Nairobi â€” Nairobi has been rated third most expensive city for a good night’s sleep in Africa, according to a new survey produced by hospitality research firm STR Global.
According to the survey, the average rate for a hotel room in the first six months of 2015 was $144.76.
This compares with $215.75 for a room in Lagos and $231.78 in Addis Ababa which tops the list.
Cape Town comes in fourth place at $122.30 followed by $105.73 in Casablanca $103.54 in Cairo, $72.90 in Johannesburg and $70.70 in Sharm El Sheikh.
“A great deal of the reason for the difference in rates across African cities is simply supply and demand. Addis Ababa has a shortage of top quality hotels. However, with the Ethiopian economy growing at a rapid rate of more than 10 percent per annum for the whole of the last decade, with more conferences coming to the city by virtue of its status as the seat of the African Union and with Ethiopian Airways on a similar growth trajectory to the country, thanks to new routes and increased passenger numbers, there is a high demand for premium hotel rooms,” explained STR Global Director of Business Development Thomas Emanuel.
Looking at how hotel prices have changed over the past year there have been substantial rate rises in Sharm El Sheikh that went up by 42.5 percent, Addis Ababa, up 14.9 percent, Johannesburg, up 11 percent, Cape Town, up 10.8 percent and Cairo, up 10.6 percent.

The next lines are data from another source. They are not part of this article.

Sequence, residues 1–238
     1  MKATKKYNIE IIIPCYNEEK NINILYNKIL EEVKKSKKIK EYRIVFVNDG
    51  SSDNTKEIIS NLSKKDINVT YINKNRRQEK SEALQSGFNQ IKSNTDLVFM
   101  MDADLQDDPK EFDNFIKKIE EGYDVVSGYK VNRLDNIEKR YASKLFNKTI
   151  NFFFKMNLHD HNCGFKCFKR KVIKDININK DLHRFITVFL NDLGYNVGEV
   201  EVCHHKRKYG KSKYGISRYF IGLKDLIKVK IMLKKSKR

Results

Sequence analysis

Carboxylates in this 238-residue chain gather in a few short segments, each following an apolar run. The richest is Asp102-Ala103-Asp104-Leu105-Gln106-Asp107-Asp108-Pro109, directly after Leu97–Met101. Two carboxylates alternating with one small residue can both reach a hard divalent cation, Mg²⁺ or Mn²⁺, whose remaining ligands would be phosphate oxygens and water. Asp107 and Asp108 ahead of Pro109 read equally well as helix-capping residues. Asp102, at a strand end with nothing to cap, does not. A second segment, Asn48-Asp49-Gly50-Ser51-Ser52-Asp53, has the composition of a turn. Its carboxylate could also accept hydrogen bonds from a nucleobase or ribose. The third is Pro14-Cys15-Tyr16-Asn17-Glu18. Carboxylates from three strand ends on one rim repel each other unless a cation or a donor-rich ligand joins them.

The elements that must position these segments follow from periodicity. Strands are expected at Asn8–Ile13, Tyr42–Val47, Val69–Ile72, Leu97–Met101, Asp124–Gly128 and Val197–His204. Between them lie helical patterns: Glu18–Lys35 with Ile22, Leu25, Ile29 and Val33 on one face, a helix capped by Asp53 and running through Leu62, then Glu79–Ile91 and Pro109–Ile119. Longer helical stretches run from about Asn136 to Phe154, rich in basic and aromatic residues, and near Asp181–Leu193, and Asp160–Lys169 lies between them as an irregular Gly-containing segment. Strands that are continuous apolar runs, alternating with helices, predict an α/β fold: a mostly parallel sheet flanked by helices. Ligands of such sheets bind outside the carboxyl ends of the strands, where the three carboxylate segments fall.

“Whereas, there has been a recovery in Lagos up 5.8 percent whilst Nairobi is broadly the same and Casablanca has suffered a 4 percent decline,” the report indicates.
In the face of the recent terrorism incidents in Kenya, Nairobi’s hoteliers have chosen to maintain rates but they have suffered with lower occupancy.
According to the report, the increases in Sharm El Sheikh and Cairo can be explained as a recovery in tourism to Egypt, following several years of political unrest. Cape Town’s improvement is due to increased demand and no recent increases in supply since the 2010 World Cup.
The rate decline in Casablanca is due in part to economic weakness in France, its major source market and in part to currency fluctuations.
“The wide disparity in room rates with exceptional prices being achieved in places where there is a shortage of supply; make it clear that there are parts of Africa that offer very attractive prospects for hotel investors,” Emanuel adds.
The survey was released ahead of the Africa Hotel Investment Forum (AHIF), taking place at the end of September in Addis Ababa.
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